LSD Magazine interviews Ananda Nahu

ORIGINALLY PUBLISHED
Issue Six – Stand and Deliver – January 11th 2011

We were instantly dazzled when we came across the sublimely joyous and penetratingly soulful work of Brazilian artist, Ananda Nahu. Blending outrageously rich colour and a gloriously visual groove into a celebration of raw culture, roots, unbound expression and urban poetry, she draws on a wildly eclectic wellspring of influences ranging from album covers to African handicrafts to life in the impoverished Brazilian hinterland to create a rich crescendo of sensory experience. Lavishly sensual and all embracingly human, she paints the steaming, sizzling electric culture of the Brazilian street and her awesome portraits of strong, powerful, funky women are but one of the many inspirational triggers and spectacular explosions of artistic insight in her work which are often collaborations with her husband Izolag.  We contacted her immediately for an interview and have left much of her fantastic English unedited as it simply reads more poetically than our attempts at formalising it!

Can you tell us a little about your life growing up

I was born in Juazeiro, a quiet city in the interior of Bahia, Brazil; and my first memories are of the hot and sterile desert of my cradle. I grew up in Petrolina, a quiet city in the heartland of Pernambuco in Brazil, separated from Juazeiro by the S„o Francisco river. Back then, and from a very young age, I would draw and paint every day and I learned how to sew with the scraps that my paternal grandmother would leave around, and began to experiment with crafts. I always had access to books and artistic materials, some from my great-grandfather Napoleao Bonoso Lustoza who went to the United States and worked in the wall paints industry in order to really understand this technology. Eight months later he returned to Brazil and founded the factory Inks Ypiranga, the first manufacturer in Brazil to offer colour variations in wall paint. Many years later he sold the factory and spent his life patenting inventions for paints and was colour consultant in many Ink Factories.

How did you first start to paint

Before venturing into the urban world, I began developing engravings and had a research position with Art Poster. I worked with ëLitogravuraí, engraving in metal and learning serigraph and eventually painted some screen prints, all of which were very experimental. I also have to look back at my experiences of photography; I learned how to photograph and how to reveal the essence of a moment, and I look on this time very fondly because it provided me with a solid grounding and very useful bank of knowledge. I met Izolag at the University of Fine Arts (although we abandoned the course shortly afterwards, having realized the gap between what was being taught and contemporary culture ñ a chasm that in many ways defines life in general) and with him already making stencils and painting graffiti, I began to help him, though at the outset it was literally just that rather than developing myself. I brought the knowledge of engraving techniques to the partnership and him the urban knowledge. We mixed all our respective skills and backgrounds together and created our careers separately.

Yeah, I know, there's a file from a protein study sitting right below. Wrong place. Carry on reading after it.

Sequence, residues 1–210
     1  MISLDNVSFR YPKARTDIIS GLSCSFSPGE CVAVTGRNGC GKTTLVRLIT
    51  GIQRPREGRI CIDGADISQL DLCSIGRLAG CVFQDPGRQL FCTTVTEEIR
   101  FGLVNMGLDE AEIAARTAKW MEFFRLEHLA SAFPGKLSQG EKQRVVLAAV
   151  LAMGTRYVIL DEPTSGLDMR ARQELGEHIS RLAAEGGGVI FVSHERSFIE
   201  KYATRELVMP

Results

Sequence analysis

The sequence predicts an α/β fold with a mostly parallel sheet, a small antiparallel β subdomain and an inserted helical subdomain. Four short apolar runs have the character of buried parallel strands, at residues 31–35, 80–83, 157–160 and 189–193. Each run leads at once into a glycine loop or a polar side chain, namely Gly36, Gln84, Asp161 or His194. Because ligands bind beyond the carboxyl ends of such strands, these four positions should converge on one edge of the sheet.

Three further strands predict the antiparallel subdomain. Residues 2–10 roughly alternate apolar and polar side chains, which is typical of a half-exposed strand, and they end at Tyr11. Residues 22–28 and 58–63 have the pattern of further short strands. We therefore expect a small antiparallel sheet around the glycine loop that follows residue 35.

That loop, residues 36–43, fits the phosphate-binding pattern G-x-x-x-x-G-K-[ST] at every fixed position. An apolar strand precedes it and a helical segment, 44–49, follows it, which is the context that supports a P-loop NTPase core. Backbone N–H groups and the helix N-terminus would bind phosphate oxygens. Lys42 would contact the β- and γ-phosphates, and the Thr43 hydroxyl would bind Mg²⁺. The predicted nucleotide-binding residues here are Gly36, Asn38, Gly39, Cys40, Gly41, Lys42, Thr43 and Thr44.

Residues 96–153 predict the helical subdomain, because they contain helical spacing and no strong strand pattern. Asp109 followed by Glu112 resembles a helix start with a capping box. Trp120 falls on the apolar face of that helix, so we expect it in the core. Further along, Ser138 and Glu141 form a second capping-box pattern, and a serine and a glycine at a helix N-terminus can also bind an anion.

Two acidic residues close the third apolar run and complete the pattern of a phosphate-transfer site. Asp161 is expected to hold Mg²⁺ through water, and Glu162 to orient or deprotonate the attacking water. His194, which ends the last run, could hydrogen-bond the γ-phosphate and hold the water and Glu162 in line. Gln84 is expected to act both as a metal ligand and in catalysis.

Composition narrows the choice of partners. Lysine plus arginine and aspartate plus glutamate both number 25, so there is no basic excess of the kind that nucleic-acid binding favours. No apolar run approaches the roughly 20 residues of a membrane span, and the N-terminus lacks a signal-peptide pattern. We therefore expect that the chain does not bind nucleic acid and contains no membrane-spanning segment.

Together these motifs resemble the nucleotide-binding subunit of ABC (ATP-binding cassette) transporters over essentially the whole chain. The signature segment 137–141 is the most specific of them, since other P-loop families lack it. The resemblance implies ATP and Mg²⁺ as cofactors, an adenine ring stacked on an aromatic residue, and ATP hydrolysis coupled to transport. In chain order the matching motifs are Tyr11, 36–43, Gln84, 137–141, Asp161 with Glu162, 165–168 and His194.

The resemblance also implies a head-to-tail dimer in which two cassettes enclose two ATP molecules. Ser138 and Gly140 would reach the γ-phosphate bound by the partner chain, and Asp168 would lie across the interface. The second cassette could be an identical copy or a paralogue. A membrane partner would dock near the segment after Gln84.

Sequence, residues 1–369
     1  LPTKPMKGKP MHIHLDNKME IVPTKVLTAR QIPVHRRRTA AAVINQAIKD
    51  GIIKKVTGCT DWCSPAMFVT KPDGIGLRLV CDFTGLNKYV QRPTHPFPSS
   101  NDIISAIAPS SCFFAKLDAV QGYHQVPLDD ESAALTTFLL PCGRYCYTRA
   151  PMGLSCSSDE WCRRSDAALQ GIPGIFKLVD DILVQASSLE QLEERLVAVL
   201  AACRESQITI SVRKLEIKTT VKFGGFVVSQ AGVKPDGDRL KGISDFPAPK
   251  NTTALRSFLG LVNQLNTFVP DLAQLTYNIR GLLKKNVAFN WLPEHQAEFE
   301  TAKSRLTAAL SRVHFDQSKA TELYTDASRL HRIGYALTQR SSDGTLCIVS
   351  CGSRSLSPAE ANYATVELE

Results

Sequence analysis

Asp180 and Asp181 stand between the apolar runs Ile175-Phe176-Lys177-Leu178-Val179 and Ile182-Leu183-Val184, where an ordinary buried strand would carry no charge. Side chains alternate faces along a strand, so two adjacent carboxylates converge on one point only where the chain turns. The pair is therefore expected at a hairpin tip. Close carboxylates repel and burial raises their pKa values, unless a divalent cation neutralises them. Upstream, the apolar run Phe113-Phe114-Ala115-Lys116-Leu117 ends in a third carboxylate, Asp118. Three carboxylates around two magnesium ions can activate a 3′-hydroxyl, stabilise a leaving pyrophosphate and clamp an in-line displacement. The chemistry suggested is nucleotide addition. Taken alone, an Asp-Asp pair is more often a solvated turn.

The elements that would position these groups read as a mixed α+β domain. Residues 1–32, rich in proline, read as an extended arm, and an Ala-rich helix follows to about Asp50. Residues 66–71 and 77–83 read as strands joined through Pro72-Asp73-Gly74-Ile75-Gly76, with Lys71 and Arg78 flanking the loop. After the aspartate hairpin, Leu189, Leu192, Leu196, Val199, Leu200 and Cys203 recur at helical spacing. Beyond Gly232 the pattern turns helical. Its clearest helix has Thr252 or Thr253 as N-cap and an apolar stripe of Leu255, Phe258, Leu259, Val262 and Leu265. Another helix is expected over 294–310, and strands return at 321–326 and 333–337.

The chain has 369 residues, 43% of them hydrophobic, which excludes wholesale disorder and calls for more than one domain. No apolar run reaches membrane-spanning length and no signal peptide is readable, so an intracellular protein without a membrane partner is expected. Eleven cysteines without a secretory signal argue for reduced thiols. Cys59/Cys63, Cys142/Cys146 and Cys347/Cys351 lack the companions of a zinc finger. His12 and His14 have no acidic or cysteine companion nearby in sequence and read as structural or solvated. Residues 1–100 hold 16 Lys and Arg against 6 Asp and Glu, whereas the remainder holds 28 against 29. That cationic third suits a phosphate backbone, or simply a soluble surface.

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Can you tell us about life in Petrolina

Itís an oppressively hot region that has been a victim of politicians economic interests ever since colonial times, and as a result is impoverished, sterile and awash with suffering. The people are marked both in body and in mind with the scars of a life of relentless struggle and it is consequently a deeply religious place as people put their faith in God in the eternal hope that he can soften so much injustice. My father practices medicine there and he goes regularly to numerous cities throughout the Northeast to assist often very poor people in medical need. Whenever I can, I accompany him and thus my roots have always been with the people, the forgotten and the destitute and they are my principal source of inspiration and form the main character of my work.

How much does Brazillian identity speak through your art

I cannot think in Brasil without thinking in hot colours and mixed styles. Itís an extraordinarily big and diverse country with high temperatures, an astonishing array of nature, wonderful beaches, and brimming with musical talent. African culture is very strong here, especially in Bahia, and influences each and every Brazillian without them even knowing it. I love all those references and they are very strong in my art.

Do you paint with stencils or freehand